n, P. M. (2000) Competing Perspectives on the Liberalization of China’s Foreign
Trade and Investment Regime,
Journal of Economic Issues
, Vol. 34, No. 4, pp. 873
-
890.

Picot, A., Dietl, H., Franck, E. (2002)
Organisation


Eine Ökonomische Perspektive
,
Stut
t
gart: Schäffer
-
Poeschel.

Saginomiya (2008) About Us,
www.saginomiya.co.jp/eng/office/index.html
, 01.07.2008
.

Sanhua (2009) About Sanhua


Introduction,
www.sanhuagroup.com/english/xwdt.php
,
15.07.2009.



31

Britta Boyd

is an Assistant Professor for Business Economics at the University of So
u
thern
Denmark.
Her

PhD

on ‘
Sustainable Management in Long
-
lived Family Businesses

-

A R
e-
source
-
ba
sed Analysis of Northern German Builder’s Providers
’ wa
s

awarded
from
the Un
i-
versity of Flensburg in Germany
.
Her main research interests are in the field of family bus
i-
ness, entrepreneurship strategy, international marketing and sustainable management. At

the
University of Southern Denmark she teaches International Marke
t
ing, Business Marketing,
Strategy and Cost Management as well as Social Research and Meth
o
dology.

Svend Hollensen

is an Associate Professor in International Marketing at the University of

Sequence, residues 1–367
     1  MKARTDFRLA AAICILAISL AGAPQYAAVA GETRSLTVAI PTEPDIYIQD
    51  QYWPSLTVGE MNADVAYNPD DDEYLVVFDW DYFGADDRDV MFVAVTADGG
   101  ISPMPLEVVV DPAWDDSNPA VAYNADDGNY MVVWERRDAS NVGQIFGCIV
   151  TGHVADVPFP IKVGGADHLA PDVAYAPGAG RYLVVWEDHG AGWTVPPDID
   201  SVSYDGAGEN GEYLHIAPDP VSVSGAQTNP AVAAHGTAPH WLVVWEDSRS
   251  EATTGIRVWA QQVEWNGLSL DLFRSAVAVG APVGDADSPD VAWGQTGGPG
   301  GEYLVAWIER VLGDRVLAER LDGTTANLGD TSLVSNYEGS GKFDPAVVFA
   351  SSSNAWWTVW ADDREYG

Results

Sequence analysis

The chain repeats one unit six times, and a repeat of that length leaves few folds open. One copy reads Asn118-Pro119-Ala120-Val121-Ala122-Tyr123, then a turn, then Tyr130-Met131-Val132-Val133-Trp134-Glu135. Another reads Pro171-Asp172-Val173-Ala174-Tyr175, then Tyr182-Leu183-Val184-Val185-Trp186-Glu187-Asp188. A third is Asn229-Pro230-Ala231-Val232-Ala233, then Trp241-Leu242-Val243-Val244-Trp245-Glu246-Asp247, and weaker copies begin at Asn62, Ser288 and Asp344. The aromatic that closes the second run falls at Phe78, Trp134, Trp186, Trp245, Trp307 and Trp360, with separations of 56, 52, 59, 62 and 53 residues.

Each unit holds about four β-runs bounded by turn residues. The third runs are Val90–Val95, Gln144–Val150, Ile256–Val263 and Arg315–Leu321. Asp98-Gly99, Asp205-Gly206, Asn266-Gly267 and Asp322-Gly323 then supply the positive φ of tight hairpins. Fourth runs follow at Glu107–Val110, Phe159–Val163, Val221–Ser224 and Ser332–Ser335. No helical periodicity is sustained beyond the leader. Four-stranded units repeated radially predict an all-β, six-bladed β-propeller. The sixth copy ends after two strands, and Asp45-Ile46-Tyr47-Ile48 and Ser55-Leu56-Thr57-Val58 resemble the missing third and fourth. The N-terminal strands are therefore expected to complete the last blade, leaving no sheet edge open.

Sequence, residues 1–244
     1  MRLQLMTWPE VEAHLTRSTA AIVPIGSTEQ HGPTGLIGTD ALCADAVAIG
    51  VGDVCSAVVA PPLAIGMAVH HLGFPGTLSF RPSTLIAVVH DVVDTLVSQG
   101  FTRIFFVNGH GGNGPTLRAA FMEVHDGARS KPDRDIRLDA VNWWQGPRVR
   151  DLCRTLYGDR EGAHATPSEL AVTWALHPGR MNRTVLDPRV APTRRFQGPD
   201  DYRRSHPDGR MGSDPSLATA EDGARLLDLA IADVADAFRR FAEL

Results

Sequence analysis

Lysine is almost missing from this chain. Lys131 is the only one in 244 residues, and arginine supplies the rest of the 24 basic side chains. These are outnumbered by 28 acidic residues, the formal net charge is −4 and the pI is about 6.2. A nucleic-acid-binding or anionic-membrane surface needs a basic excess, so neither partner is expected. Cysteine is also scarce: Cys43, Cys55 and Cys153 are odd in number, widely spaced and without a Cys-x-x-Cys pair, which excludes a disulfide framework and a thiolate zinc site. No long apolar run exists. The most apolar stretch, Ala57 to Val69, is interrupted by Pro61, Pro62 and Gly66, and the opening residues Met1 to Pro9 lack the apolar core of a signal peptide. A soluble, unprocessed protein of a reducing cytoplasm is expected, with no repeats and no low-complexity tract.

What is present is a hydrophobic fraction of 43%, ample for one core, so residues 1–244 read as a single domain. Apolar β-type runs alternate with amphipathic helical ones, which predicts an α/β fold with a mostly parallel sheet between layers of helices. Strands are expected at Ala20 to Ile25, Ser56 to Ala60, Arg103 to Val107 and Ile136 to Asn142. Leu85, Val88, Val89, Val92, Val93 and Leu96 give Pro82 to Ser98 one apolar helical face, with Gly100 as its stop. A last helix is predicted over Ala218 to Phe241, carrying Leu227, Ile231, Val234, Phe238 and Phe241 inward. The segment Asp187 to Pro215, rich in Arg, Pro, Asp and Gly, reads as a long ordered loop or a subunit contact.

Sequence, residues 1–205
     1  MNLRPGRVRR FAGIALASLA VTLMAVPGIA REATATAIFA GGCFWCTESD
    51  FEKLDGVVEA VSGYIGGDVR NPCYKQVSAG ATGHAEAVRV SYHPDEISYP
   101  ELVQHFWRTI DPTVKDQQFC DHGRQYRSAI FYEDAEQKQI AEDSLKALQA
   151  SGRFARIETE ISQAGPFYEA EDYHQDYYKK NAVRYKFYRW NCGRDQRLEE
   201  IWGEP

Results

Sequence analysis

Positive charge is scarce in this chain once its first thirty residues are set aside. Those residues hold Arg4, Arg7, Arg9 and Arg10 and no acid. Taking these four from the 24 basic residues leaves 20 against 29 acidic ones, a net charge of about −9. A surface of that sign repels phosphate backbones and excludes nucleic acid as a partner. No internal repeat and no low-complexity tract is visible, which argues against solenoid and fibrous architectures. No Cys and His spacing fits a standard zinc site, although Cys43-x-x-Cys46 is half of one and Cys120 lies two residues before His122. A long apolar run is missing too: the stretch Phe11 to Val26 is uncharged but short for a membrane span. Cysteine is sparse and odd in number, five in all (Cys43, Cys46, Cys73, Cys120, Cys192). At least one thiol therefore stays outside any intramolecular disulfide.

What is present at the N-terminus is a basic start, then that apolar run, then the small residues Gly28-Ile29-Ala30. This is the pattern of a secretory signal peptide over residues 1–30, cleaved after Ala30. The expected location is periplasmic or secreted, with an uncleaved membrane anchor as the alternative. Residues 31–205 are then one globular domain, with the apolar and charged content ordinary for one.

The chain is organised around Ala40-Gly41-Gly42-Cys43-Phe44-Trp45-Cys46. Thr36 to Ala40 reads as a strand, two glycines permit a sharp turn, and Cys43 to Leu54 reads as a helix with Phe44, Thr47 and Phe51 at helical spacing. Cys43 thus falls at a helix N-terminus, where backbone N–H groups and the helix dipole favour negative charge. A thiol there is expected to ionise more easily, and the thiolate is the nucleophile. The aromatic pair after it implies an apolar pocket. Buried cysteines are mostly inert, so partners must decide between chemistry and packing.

Southern Denmark. His research interests are within Relationship Marketing, Globalization
and Internationalization of companies. He has published articles in international journals and
is the author of globally published textbooks, e.g. ‘Global Marketing’

(Pearson). This book
has been translated into Chinese and Russian. Special editions for India and Spanish
-
speaking
areas (Spain + Latin America) are being developed.

Toshio Goto

is

Professor at t
he Graduate School for the Creation of New Photonics Indu
s-
tr
ies

in Japan. His main research interests are in the field of family businesses especially i
n-
novativeness, succession and longevity of family businesses.
His thirty second book

S
ecrets
of long
-
lived fam
ily firms’
in Japanese was published in July, 2009. O
ne of his articles
on

Longevity of Japanese family firms
’ in English has appeared in the ‘H
andbook of research
on family business

,
edited by

Poutziouris
,

Smyrnios

and Klein
(2006).